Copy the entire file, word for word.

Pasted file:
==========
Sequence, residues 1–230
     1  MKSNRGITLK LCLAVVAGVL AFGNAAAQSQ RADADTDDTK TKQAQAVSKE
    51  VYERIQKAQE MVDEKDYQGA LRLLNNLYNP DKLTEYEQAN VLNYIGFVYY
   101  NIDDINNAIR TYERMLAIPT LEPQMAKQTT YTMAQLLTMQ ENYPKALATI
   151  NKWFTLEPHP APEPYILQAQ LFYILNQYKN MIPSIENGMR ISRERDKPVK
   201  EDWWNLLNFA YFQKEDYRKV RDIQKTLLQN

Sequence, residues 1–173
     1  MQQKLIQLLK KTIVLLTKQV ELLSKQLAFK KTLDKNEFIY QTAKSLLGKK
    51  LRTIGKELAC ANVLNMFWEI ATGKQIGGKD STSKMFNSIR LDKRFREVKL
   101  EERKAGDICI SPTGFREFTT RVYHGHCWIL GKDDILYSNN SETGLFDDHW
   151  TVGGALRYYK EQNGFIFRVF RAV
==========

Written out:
Sequence, residues 1–230
     1  MKSNRGITLK LCLAVVAGVL AFGNAAAQSQ RADADTDDTK TKQAQAVSKE
    51  VYERIQKAQE MVDEKDYQGA LRLLNNLYNP DKLTEYEQAN VLNYIGFVYY
   101  NIDDINNAIR TYERMLAIPT LEPQMAKQTT YTMAQLLTMQ ENYPKALATI
   151  NKWFTLEPHP APEPYILQAQ LFYILNQYKN MIPSIENGMR ISRERDKPVK
   201  EDWWNLLNFA YFQKEDYRKV RDIQKTLLQN

Sequence, residues 1–173
     1  MQQKLIQLLK KTIVLLTKQV ELLSKQLAFK KTLDKNEFIY QTAKSLLGKK
    51  LRTIGKELAC ANVLNMFWEI ATGKQIGGKD STSKMFNSIR LDKRFREVKL
   101  EERKAGDICI SPTGFREFTT RVYHGHCWIL GKDDILYSNN SETGLFDDHW
   151  TVGGALRYYK EQNGFIFRVF RAV